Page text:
I have been thinking a lot about Che Guevara, the Cuban revolutionary who, in his death perhaps even more than in his life, has achieved an iconic status. Three reasons underlie these thoughts. First, the recent opening of U.S. policy on Cuba and a photograph of a street mural of Che my husband took on a visit there late last year. The mural is faded, its paint chipped, and the wall on which it is painted is exposed and crumbling. Second is the openness of large segments of American youth to the ideas of socialism and revolutionary change, most evident in the supporters of Bernie Sanders. There is no doubt that, with this burgeoning progressive movement, the iconography of Che will experience a new resurgence in American popular culture. And third is a new book, The Politics of Che Guevara: Theory and Practice by...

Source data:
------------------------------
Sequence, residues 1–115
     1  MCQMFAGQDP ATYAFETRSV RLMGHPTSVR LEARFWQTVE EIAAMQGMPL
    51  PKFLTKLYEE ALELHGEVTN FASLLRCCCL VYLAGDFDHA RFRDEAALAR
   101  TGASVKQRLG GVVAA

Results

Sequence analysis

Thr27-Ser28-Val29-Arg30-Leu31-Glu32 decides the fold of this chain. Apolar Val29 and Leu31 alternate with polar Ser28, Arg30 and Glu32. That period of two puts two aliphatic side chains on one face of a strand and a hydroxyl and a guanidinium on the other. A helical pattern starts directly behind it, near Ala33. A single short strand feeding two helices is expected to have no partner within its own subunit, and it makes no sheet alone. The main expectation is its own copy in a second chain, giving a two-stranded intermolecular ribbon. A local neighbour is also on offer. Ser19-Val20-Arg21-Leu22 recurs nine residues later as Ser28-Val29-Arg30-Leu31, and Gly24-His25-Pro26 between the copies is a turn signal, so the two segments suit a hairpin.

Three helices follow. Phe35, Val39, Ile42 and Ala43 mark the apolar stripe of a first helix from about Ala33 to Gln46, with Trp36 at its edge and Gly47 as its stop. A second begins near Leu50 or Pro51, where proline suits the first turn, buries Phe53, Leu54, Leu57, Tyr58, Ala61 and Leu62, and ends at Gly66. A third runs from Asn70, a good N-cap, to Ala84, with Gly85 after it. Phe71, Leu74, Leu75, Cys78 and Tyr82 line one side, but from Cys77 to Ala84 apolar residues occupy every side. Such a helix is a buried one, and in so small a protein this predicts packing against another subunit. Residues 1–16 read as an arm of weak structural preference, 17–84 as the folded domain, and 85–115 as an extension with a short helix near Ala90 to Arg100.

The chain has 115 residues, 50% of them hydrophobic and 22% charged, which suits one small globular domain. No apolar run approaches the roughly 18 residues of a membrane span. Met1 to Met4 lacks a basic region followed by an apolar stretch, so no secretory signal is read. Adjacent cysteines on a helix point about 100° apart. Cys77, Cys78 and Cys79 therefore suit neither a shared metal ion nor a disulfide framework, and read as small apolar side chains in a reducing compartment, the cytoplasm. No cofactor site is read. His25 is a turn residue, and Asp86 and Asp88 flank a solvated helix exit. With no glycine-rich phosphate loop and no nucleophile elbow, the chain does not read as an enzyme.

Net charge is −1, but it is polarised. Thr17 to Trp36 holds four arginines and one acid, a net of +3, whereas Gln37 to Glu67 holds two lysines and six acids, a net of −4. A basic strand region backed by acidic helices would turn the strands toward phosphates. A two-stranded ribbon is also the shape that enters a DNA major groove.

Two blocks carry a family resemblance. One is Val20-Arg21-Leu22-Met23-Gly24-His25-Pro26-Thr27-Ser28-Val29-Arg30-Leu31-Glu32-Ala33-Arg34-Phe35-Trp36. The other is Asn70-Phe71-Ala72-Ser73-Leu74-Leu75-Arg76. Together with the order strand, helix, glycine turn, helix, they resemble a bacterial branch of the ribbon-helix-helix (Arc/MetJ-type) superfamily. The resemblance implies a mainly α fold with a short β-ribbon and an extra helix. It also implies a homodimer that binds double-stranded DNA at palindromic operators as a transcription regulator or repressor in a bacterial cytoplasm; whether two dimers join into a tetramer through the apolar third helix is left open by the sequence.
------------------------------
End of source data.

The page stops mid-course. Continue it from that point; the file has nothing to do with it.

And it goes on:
Research Article| January 01 2017
Kaddish for Che: The Meaning of History and Memory in Transforming the World
Tikkun (2017) 32 (1): 20–23.
MARTHA SONNENBERG; Kaddish for Che: The Meaning of History and Memory in Transforming the World. Tikkun 1 January 2017; 32 (1): 20–23. doi: https://doi.org/10.1215/08879982-3769042
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